• 1 The Chapel Bridge (Kapellbrücke). The Chapel Bridge was built in the 14th century to aid in the protection of the city. It is a landmark of Lucerne and is said to be the oldest wooden bridge in all of Europe. A point of interest as you walk over it are the paintings in the rafters depicting 12th-century city life and Swiss history. The bridge was badly damaged by a fire on 18 August 1993; it was rebuilt within a year, but the damage is still visible in places and many of the original paintings were lost. The tower which has had multiple uses over the years (including as a dungeon) is still in the original condition, but not open for visitors. Free. Chapel Bridge (Q25225) on Wikidata Kapellbrücke on Wikipedia
  • 2 The Spreuer Bridge (Spreuerbrucke). The Spreuer Bridge, or Chaff Bridge, is the other surviving wooden footbridge in central Lucerne, a short walk from the more famous Chapel Bridge. It was built in 1566, replacing an earlier bridge destroyed by fire. It is known for its decorative paintings depicting the Dance of Death, by the studio of Kaspar Meglinger. Spreuer Bridge on Wikipedia
  • 3 The Lion Monument (Löwendenkmal), Denkmalstrasse 4. Also known as the Lion of Lucerne, it is a sculpture designed by Bertel Thorvaldsen. It commemorates the Swiss Guards who were massacred in 1792 during the French Revolution, when revolutionaries stormed the Tuileries Palace in Paris, France. The American writer Mark Twain (1835–1910) praised the sculpture of a mortally-wounded lion as "the most mournful and moving piece of stone in the world.". The sculpture is a popular sight with a constant flow of tour groups arriving during the day - visit early or late in the day if possible for a more peaceful experience. Free. Lion Monument Lucerne (Q688214) on Wikidata Lion Monument on Wikipedia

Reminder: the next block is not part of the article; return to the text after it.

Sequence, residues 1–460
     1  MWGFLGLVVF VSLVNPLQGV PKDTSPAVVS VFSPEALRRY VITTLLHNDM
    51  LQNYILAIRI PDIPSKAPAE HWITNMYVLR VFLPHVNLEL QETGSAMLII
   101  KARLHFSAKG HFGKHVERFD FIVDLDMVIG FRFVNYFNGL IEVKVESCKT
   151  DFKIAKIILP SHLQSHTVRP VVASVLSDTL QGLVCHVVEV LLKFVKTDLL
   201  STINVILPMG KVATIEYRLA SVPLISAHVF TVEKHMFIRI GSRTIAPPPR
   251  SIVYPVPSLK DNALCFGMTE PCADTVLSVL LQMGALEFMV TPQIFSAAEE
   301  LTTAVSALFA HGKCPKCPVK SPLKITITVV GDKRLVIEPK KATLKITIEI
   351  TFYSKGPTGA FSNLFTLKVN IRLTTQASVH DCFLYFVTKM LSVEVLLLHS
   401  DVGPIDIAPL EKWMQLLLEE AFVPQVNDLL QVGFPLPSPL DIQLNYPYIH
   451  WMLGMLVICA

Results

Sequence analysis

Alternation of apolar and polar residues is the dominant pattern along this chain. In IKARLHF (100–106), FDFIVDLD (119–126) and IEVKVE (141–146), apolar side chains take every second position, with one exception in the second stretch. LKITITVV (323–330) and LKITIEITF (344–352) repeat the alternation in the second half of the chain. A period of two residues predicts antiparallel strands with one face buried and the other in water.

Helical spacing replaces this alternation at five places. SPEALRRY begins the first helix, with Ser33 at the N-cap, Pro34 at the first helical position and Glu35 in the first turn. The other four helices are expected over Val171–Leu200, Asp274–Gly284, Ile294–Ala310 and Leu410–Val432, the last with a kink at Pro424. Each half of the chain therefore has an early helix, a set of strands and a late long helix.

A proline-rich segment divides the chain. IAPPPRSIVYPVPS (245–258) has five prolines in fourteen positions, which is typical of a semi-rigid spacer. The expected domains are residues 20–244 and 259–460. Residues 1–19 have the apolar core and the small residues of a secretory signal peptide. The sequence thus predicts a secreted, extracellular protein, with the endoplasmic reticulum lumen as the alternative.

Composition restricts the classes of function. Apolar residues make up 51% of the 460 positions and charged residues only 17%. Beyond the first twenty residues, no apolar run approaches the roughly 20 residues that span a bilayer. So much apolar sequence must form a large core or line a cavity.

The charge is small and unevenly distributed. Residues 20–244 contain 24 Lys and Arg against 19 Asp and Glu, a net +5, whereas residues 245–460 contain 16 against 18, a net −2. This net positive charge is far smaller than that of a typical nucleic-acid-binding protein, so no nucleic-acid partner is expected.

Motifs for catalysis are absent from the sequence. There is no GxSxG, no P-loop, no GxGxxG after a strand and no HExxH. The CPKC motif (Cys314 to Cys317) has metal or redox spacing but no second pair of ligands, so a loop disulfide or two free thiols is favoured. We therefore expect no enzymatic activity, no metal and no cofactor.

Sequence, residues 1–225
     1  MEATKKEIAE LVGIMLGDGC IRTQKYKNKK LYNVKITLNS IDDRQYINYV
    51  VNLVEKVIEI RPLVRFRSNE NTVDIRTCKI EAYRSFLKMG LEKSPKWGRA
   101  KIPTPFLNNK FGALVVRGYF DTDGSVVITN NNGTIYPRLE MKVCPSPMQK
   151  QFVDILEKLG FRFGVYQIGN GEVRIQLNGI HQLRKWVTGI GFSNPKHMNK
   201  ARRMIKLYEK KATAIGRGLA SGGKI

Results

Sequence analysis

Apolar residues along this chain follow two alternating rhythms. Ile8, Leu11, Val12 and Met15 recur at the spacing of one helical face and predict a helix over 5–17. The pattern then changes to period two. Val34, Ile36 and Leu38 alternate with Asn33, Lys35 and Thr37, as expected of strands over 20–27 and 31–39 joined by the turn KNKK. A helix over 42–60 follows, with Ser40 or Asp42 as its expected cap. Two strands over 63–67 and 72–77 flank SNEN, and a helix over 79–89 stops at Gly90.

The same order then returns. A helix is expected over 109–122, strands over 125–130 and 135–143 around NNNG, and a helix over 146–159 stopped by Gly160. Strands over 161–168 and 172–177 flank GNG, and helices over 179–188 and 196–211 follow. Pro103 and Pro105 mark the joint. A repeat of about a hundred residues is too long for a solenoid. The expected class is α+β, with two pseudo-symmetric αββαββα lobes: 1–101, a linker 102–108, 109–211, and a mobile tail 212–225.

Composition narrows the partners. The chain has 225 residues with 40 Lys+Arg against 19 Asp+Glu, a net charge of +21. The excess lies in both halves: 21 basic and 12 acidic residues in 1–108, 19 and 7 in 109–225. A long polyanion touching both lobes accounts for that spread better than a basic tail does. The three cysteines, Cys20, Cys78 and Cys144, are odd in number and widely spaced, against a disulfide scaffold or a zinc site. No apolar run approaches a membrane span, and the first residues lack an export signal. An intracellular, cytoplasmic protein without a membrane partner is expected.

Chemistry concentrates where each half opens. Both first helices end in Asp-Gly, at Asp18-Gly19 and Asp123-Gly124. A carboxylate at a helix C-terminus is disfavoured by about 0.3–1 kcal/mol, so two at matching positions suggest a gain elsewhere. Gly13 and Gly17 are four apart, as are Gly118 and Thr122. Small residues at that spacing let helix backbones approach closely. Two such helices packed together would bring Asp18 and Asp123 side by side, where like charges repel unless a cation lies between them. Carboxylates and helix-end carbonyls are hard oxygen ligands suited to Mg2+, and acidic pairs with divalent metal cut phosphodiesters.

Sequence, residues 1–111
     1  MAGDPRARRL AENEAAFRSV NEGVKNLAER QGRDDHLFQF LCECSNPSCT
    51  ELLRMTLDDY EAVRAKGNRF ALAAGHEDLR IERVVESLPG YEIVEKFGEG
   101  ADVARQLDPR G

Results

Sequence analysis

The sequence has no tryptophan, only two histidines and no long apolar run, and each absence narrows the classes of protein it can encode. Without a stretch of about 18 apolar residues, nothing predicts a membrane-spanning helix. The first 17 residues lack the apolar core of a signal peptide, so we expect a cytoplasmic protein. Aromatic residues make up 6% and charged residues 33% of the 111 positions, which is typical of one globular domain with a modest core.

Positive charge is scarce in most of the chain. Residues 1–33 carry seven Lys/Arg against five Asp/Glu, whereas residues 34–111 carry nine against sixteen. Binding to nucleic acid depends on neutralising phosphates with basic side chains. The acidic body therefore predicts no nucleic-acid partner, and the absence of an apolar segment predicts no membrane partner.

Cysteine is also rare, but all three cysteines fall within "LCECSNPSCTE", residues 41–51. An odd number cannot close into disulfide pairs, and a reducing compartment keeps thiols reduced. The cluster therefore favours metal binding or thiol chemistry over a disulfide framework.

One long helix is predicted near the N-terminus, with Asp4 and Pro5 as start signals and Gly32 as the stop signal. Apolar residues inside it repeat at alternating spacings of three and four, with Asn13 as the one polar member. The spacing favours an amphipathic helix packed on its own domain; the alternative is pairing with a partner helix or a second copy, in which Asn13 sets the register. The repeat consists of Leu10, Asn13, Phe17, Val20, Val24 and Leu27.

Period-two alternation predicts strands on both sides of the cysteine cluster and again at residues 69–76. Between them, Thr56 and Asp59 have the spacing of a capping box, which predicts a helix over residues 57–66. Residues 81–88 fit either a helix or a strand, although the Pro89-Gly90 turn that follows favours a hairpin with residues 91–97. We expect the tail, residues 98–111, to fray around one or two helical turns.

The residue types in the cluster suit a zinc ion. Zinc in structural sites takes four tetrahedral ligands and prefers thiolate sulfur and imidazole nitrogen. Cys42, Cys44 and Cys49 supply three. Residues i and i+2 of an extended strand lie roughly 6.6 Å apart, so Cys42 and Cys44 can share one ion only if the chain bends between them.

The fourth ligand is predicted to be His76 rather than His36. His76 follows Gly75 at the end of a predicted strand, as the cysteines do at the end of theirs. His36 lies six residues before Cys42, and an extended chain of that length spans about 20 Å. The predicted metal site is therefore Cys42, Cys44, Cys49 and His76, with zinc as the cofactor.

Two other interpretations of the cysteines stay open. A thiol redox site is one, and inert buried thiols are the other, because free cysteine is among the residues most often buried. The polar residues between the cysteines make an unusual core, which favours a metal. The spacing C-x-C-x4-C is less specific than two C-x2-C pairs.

• 4 The old city wall (Museggmauer). 1 April-1 Nov: 08:00-19:00, closed over winter. A part of the rampart walls built in 1386; the wall is still almost entirely intact and visitors are able to walk a section of the rampart. Four towers are open to the public: Schirmer, Zyt, Wacht and Männli. The Männliturm allows access to the rooftop of the tower which gives the most extensive and unobstructed views. Free. Museggmauer (Q1571757) on Wikidata
  • 5 Alpineum. A museum and diorama dedicated to the Alps. Alpineum (Q4735602) on Wikidata Alpineum on Wikipedia
  • 6 Bourbaki Panorama, Löwenplatz 11. Nov-Mar 10:00–17:00; Apr-Oct 09:00–18:00. A circular panoramic painting. Fr. 12. Bourbaki-Panorama (Q895178) on Wikidata Bourbaki Panorama on Wikipedia
  • 7 Glacier Garden (Gletschergarten). Apr-Oct 10:00-18:00, Nov-Mar 10:00-17:00. The main focus is the dramatic carving of the rockbed by glaciers and information related to it, but this also features a museum of curiosities and a mirror maze. Fr. 22 (discount for students and children). Glacier Garden of Lucerne (Q1531237) on Wikidata
  • 8 Lucerne Culture and Congress Centre (Kultur- und Kongresszentrum Luzern). The KKL is a spectacular building that contains several concert halls and the Lucerne Art Museum. It was designed by Jean Nouvel. Its major concert hall ("La salle blanche") is famous for its acoustics, and world class orchestras can be heard regularly. It hosts the Lucerne Festival (classical music). Lucerne Culture and Congress Centre (Q665311) on Wikidata Lucerne Culture and Congress Centre on Wikipedia


  • 9 Swiss Museum of Transport (Verkehrshaus der Schweiz), Lidostrasse 5 (Lido beach, the first stop for boats leaving from the central train station, preferably reached by bus). Summer 10:00–18:00; winter 10:00–17:00. With its large collection of trains, planes, automobiles, and motorcycles, this museum of means of transport is a great place to spend an afternoon. If you get tired of the real train engines you can check out the model railroad or the miniature working steam train. The air section also features several space travel exhibits, including an unused project Mercury capsule. Fr. 32 for adults, Fr. 21 for children 6-16, and free for younger kids. Swiss Museum of Transport (Q670595) on Wikidata Swiss Museum of Transport on Wikipedia
  • 10 Lucerne Art Museum (Kunstmuseum Luzern). Kunstmuseum Luzern (Q1792543) on Wikidata Kunstmuseum Luzern on Wikipedia